From ST Archives: CJ Yong Pung How retires

Former chief justice Yong Pung How, who implemented rigorous reforms to transform the Singapore court system into a model of efficiency, died on Thursday (Jan 9) morning. This story was first published in The Straits Times on April 11, 2006.

Mr Yong Pung How was an unforgettable person who was known to save his most acerbic observations for lawyers who used complex legal arguments. PHOTO: ST FILE

It was a lesson in law, physics and of higher entity.

The hearing was before Chief Justice Yong Pung How.

The lawyer, acting for a motorist in an accident, said that scientific evidence showed that a driver usually has a fraction of a second to avoid an imminent collision.

So the other motorist who collided into his client's car should have been able to avert the crash.

CJ Yong who had been listening intently, interrupted to say: "Counsel, you don't need the court. You need God because only God will know how fast is a fraction of a second."

It was an example of the kind of sharp yet witty remark that people have come to associate with CJ Yong, who was known to save his most acerbic observations for lawyers who used complex legal arguments.

His preference for clear and easy-to-understand legal arguments was probably one of the reasons why he spearheaded the improvement of the Singapore legal system.

After spending more than 15 years of ensuring that the Wheels of Justice are well-oiled, CJ Yong retires tomorrow, just one day before he turns 80.


But he should take comfort that he is handing over a world-class judiciary to his successor, Mr Chan Sek Keong, 69, who is the Attorney-General now.

From the day he became CJ in 1991, "public access" were the two words foremost in his mind.

Faced with a backlog of 2,000 suits then, he had to do something drastic or risk delaying these cases by five or six more years.

So a revolutionary case management system was put into place to not only track the progress of each case, but also to ensure that no judge would go home without doing a fair share of work.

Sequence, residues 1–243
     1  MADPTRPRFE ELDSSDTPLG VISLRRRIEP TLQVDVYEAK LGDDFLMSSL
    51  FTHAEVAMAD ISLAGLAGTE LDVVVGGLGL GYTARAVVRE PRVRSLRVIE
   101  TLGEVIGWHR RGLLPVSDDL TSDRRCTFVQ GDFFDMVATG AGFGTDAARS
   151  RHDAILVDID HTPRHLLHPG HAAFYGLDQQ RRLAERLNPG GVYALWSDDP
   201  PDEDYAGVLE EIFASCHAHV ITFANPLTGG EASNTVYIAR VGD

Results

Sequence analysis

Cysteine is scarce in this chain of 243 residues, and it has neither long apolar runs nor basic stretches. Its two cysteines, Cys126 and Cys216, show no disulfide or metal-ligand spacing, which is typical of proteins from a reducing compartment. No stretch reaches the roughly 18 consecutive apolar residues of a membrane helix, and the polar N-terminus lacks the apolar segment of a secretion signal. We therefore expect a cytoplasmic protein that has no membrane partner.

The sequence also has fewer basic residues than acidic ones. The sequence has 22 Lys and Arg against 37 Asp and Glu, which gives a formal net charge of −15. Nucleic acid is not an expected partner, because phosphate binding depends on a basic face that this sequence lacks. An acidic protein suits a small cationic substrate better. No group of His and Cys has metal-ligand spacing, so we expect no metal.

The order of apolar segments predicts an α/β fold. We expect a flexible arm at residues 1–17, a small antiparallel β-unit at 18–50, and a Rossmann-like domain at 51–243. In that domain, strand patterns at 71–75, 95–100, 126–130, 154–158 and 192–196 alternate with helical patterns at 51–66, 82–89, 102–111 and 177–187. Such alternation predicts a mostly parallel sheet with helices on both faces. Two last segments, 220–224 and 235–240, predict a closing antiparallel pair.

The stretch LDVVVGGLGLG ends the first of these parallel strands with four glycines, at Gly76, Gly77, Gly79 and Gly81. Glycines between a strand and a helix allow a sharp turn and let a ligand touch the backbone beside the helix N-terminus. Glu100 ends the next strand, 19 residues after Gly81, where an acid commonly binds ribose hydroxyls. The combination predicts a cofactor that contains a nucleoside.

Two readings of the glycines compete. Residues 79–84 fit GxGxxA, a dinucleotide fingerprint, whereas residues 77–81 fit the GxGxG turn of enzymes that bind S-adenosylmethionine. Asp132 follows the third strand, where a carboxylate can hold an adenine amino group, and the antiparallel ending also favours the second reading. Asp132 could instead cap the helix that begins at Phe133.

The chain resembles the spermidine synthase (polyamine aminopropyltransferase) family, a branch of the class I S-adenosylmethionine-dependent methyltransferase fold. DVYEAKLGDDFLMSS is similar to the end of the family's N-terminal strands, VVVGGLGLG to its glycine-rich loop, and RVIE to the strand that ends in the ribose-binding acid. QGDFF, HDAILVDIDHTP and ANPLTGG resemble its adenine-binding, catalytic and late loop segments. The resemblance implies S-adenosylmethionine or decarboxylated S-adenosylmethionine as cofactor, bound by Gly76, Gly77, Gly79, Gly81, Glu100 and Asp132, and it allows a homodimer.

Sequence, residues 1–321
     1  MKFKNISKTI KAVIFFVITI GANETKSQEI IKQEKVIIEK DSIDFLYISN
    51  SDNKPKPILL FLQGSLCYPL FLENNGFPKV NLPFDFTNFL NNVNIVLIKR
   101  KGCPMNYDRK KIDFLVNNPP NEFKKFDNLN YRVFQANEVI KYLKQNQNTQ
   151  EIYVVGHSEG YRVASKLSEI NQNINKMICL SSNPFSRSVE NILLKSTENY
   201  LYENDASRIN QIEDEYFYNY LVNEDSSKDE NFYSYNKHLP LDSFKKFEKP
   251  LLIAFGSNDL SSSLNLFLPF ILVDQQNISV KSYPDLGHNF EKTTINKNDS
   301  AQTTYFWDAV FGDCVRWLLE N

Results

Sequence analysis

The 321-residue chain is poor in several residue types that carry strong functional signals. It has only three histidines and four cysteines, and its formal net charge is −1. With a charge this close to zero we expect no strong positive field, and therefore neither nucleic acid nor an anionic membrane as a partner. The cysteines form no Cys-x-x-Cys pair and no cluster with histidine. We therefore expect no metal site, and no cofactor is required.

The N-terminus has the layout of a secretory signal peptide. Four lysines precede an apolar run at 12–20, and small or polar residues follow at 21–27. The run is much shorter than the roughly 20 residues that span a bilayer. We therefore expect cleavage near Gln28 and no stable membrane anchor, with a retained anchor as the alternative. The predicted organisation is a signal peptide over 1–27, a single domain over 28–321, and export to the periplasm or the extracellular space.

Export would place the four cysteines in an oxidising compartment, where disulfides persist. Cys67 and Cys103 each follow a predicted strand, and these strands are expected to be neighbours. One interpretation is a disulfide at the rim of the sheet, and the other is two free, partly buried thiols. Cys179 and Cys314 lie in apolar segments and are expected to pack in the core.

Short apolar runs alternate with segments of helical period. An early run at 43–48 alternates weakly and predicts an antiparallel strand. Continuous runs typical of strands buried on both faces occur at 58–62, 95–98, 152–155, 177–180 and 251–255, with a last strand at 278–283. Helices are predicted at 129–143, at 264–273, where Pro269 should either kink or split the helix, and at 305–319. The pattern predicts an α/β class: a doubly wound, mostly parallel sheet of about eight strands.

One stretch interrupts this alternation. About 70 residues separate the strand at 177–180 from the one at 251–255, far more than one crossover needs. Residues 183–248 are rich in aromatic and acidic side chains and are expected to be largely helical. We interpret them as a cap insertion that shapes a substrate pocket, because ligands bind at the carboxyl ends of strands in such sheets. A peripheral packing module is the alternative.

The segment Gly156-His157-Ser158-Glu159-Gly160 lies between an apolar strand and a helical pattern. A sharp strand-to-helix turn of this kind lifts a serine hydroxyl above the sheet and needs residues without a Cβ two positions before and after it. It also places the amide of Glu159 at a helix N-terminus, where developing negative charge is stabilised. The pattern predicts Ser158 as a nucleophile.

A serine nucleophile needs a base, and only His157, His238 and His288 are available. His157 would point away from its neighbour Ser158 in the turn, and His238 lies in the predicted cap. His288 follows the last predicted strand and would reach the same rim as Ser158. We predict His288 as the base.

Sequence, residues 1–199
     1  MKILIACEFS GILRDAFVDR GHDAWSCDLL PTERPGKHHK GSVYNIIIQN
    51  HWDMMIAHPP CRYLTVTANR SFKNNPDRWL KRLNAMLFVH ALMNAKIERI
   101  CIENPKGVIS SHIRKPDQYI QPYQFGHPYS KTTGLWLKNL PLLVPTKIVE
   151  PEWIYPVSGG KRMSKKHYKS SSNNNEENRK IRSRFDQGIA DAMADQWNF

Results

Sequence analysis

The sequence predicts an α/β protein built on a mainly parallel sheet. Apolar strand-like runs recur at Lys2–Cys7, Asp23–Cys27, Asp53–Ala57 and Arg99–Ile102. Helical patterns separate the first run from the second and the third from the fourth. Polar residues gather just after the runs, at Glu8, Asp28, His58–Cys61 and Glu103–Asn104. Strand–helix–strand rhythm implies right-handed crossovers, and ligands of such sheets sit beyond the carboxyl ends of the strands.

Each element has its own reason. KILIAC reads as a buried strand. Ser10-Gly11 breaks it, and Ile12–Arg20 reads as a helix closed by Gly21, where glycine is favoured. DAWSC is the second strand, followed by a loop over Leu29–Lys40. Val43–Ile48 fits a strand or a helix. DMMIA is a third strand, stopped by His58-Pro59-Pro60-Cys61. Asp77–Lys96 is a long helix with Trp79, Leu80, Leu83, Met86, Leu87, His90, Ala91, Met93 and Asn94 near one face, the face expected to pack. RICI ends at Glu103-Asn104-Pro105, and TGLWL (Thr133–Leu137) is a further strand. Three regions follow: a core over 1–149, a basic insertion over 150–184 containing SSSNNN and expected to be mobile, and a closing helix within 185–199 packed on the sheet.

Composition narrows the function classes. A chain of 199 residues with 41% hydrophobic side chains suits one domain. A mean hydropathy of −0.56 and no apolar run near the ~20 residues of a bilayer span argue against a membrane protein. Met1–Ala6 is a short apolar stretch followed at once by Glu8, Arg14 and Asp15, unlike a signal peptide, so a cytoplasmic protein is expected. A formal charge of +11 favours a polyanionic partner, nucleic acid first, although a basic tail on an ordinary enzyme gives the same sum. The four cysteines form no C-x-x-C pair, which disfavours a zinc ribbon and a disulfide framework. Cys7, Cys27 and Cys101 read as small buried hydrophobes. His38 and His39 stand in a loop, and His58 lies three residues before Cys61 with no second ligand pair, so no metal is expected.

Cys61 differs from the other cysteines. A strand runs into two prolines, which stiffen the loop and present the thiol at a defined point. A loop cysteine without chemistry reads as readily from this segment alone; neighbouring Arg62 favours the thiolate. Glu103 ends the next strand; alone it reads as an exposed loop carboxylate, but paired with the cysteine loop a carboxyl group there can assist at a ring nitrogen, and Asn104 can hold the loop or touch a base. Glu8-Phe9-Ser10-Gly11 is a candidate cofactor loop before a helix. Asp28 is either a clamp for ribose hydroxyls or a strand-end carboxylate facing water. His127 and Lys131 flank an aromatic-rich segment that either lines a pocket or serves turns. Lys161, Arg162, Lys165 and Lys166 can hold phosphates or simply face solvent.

Leading by example, he took on the lion's share of the work by appointing himself as the sole judge who would hear all criminal appeals from the Subordinate Courts.

That meant he had to hear up to 20 cases weekly, which explained why the lights in his office would often still be on after 7pm.

His system worked so well that the backlog vanished soon afterwards.

Former High Court registrar Chiam Boon Keng once commented that his biggest challenge in the later years was to ensure that all judges had ample work!

Today, hearing dates are available within three months of parties being ready, and more than half of writs filed are concluded within six months.

It's no coincidence that our court system is studied by other countries because only in Singapore will you find lawyers having to work harder to keep pace with the judges.

The swift changes caused unhappiness among some lawyers but CJ Yong never backed down from his stringent policies.

After all, justice delayed is justice denied, and the public and even foreigners have nothing but praise for the courts' efficiency.

Similarly, when CJ Yong moved in to check the high legal costs of lawyers, the public cheered.

You knew that the man had a feel of the public pulse in the way he reacted to current affairs.

Once, he acquitted a group of men who were charged with gambling and declared that it was not a crime when a few friends gather for a game of mahjong as a form of entertainment.